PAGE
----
The way NewsOK.com handled its Friday release of the Joe Mixon fight video highlights the delicate nature of an editorial decision that we warned of a week earlier. A related choice the site made proved extra ironic and raised further questions about why the video should have been published at all.
Shortly after publishing the video, NewsOK disabled comments on its post that explained the content and provided perspective on Mixon’s ongoing defense against a lawsuit filed by the female college student he punched during a 2014 altercation.
NewsOK’s disabling of comments on such a controversial post brings into question just why the “state’s most trusted news” published the video in the first place.
If editors believed publishing the raw, violent footage was important for public discourse on the matter, how could they turn around and shut down public discourse on the very online post they’d made?
As if to showcase this awkward decision, comments for the video on NewsOK’s YouTube channel remain open.
Click chasing in 2016
While it’s easy to argue that online article comments often bring out the worst in people — and in this instance, the “story” involved the heated topics of violence against women and football — eliminating reader comment on a journalist’s work implies the public can’t handle the content in question in the first place.
At that point, why publish the video at all if not for the sheer chase of clicks that drives online media? Unfortunately, click chasing must always be balanced with a publication’s responsibility to the public, which bodes badly for bottom lines, sometimes.
To that end, NewsOK’s disabling of reader comments seems inappropriate and lazy. Having published a controversial video that would inevitably garner great attention, editors and web administrators should have been prepared for a flood of user comments. Granted, monitoring such comment threads is a ton of work, but with controversial reporting comes great responsibility.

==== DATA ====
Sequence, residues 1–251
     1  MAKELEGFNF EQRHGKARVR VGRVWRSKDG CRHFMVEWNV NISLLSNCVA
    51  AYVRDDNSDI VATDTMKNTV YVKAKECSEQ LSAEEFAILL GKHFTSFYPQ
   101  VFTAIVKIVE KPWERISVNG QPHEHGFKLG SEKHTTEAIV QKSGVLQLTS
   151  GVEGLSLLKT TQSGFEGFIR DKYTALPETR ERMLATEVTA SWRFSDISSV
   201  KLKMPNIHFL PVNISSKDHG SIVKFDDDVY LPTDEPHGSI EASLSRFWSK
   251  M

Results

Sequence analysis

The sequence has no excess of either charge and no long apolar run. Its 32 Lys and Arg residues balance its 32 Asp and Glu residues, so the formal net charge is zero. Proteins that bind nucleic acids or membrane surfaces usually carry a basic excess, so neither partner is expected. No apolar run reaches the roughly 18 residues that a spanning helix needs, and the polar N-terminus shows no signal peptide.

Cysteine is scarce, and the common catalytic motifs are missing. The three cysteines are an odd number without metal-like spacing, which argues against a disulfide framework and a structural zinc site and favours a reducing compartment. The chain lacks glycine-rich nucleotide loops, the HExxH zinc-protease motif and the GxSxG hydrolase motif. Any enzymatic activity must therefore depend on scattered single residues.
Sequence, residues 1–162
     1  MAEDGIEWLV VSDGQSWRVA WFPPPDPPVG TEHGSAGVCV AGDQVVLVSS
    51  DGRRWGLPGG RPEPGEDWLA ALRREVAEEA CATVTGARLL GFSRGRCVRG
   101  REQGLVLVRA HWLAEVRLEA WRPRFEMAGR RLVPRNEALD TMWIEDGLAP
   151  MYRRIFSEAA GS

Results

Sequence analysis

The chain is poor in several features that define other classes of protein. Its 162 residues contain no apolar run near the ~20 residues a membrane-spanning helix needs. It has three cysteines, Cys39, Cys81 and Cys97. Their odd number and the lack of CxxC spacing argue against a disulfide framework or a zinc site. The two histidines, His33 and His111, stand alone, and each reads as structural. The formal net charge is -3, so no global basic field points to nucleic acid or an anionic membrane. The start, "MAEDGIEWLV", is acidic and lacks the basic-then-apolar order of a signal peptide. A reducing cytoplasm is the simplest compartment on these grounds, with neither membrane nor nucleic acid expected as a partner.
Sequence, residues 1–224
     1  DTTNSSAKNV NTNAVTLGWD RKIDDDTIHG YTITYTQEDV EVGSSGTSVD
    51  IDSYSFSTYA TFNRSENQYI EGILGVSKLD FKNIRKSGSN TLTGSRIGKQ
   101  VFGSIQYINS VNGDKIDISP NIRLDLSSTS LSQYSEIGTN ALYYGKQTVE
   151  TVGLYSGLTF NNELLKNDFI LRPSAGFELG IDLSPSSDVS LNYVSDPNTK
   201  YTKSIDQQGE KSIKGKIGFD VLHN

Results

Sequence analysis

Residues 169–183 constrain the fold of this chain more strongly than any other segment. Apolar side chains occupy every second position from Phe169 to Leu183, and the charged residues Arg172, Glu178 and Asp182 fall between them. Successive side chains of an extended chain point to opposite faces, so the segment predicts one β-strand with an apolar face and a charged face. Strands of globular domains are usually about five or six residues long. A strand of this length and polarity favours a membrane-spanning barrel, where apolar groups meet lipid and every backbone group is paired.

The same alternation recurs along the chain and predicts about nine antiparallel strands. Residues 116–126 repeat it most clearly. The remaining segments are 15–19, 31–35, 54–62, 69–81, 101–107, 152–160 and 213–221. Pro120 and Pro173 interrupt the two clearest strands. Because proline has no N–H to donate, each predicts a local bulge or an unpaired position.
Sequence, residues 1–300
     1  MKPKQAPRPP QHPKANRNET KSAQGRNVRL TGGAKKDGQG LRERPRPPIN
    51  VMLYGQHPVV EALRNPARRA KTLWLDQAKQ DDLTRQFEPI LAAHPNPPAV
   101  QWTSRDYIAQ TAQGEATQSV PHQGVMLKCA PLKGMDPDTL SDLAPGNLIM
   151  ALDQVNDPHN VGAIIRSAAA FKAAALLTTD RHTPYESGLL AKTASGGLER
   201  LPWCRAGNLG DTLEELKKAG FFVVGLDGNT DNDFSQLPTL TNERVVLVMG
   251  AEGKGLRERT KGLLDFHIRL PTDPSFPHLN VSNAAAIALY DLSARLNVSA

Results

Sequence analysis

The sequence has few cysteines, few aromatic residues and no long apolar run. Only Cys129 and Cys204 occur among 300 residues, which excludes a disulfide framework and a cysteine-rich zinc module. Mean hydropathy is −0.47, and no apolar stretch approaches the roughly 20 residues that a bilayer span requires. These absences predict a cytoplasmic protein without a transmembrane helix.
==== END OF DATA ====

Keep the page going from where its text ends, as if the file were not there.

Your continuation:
For example, the New York Times pulled the curtain back on its comment sections in September. The site receives 11,000 comments in any given day and employs 14 people to approve or reject the results. The Times notes that only about 10 percent of its articles are open for public comments, which raises its own unanswered editorial questions about how one of the most visible journalism publications in the world allows for reader input.
TV stations’ questionable choices
Beyond NewsOK’s questionable handling of the Mixon video — distributed by the OU running back’s attorney ahead of official release by a beleaguered court system that inappropriately blocked its release originally — other media raced into the fray late Friday and made their own questionable choices.
News 9, for instance, displayed the video on its website and Facebook page without disclaimer about the included violence, and the TV station set the video to auto-play, meaning even those who just wanted to read “the news” about the video without watching its difficult contents received an eyefull unless they could close the tab in time.
TV stations continued to milk the Molitor-Mixon fight for content the following morning. Early Saturday, Channel 4 played the video “for transparency,” according to the station’s morning anchor.
While transparency is an important concept in journalism, such an introductory note seems disingenuous. A more “transparent” explanation might be that the station knew everyone else was playing the widely viewed video, so they didn’t want to be left behind.
Bloody face changes little
In the end, much public discussion about the Mixon video has overwhelmed social media all weekend, and the comments range from high criticism for Mixon and OU coach Bob Stoops to perspective about Mixon’s need for a second chance and Molitor’s reported use of a racial slur.
What doesn’t appear to have changed greatly, however, is most anyone’s opinion about what transpired in 2014 that began this media circus. While the public now has unfettered access to video of Amelia Molitor staggering around with a bloody face, it doesn’t have much of anything different.
Moreover, Friday’s video release ultimately changed little of public importance. Instead, it plastered the unfortunate actions of two 18-year-olds across TV and computer screens in the name of clicks and ratings.
(Editor’s note: NonDoc has not published the video in question, but comments for our site’s editorials are always enabled.)